Thursday, October 25, 2012

Creating Possibilities

One of my main reasons for starting this blog was to hold myself accountable for writing on a more regular basis. Thanks to these posts, and an inspiring writing group that recently welcomed me into their midst, I returned to my Laura piece (excerpts found here and here) after a year of ignoring it within the depths of my writing desk. After polishing up some old bits and laboring over new sections, I felt comfortable enough with my work-in-progress to use Laura’s story to apply for a fellowship. Although I wasn’t selected, I did receive a nice email back stating that I was one of the top three finalists, and I received feedback specific to my submission.

Write, write, write to create more possibilites
Don’t get me wrong, this post is not about rejection. I want to focus instead on possibility. In a way, the best part of the experience was when I carefully handed the padded envelope containing my submission over to the post office clerk. It was a moment to pat myself on the back for getting my act together, meeting that application deadline in my planner. For sending my words out into the world for critique, judgment, and…possibly…award. Hearing the familiar grind of the mail truck turning the corner of our street every day. Walking up the driveway after the delivery, peering inside the murky mailbox. Hoping to find a promising-looking envelope inside. 
And since we live in a technology-driven world, there was also Inbox checking and email refreshing. 
Waiting for that message with the desired Subject line.

While I was in waiting mode, I started thinking about The Bell Jar. I remembered that Esther had applied for a summer class with “a famous writer” who would read her already submitted manuscript and decide if she was “good enough to be admitted into his class.” It’s been a while since I read the book cover to cover, but I could’ve sworn that even after she returned home from those last empty magazine days in “the dark heart of New York,” the possibility of acceptance into the writing class was the last glimmer of hope keeping her afloat for weeks, months, as she shared a lifeless house with her mother in the dull Boston suburbs.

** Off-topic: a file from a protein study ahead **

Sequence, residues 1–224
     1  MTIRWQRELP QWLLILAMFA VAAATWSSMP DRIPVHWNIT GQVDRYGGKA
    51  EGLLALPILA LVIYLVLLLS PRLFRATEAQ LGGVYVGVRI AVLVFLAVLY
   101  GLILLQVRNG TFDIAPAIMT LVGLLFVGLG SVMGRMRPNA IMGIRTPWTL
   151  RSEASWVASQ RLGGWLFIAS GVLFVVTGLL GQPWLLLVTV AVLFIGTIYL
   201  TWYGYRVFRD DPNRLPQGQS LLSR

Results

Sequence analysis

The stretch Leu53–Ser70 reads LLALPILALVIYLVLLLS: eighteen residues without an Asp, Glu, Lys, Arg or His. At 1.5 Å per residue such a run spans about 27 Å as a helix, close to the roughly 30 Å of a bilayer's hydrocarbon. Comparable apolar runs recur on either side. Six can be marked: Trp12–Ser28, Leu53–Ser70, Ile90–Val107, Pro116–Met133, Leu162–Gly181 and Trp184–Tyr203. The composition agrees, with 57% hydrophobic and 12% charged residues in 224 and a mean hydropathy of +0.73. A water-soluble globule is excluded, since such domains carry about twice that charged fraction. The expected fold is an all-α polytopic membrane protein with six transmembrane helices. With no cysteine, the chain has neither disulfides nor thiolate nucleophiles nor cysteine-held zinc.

As I skimmed through the book yesterday, I realized I hadn’t quite gotten the timeline right. She finds out about her rejection right after the train pulls into Boston, before she even sets foot in her house. Behind the wheel of the family car, her mother tosses some letters into Esther’s lap…

“I think I should tell you right away,” she said, and I could see bad news in the set of her neck, “you didn’t make that writing course.”

The air punched out of my stomach.

All through June the writing course had stretched before me like a bright, safe bridge…

Like I said, this isn’t meant to be a post about rejection. Yes, you’d have to be some kind of robot if rejection didn’t set off even the faintest siren of doubt in your mind; but isn’t the best feeling – maybe even better than actually winning – those moments in limbo, after you’ve set yourself up for consideration?

The only way to ride that high of writing possibility is to write lots, strive for more clarity in individual artistic expression, and send more submissions into the ether - all to create a multitude of “bright, safe bridges” to imagine walking over.

All quotations and italicized text in this post were taken from The Bell Jar by Sylvia Plath.


  1. Anticipation is a wonderful part of imagination. Glad to hear you're in a good writing group.

    1. Thanks, Becky! You're right, anticipation and imagination go hand-in-hand.

      I still have a spot in my heart for TFW, of course :)

      Love your blog - you write faster than I can read, so I'm still back in your early October posts!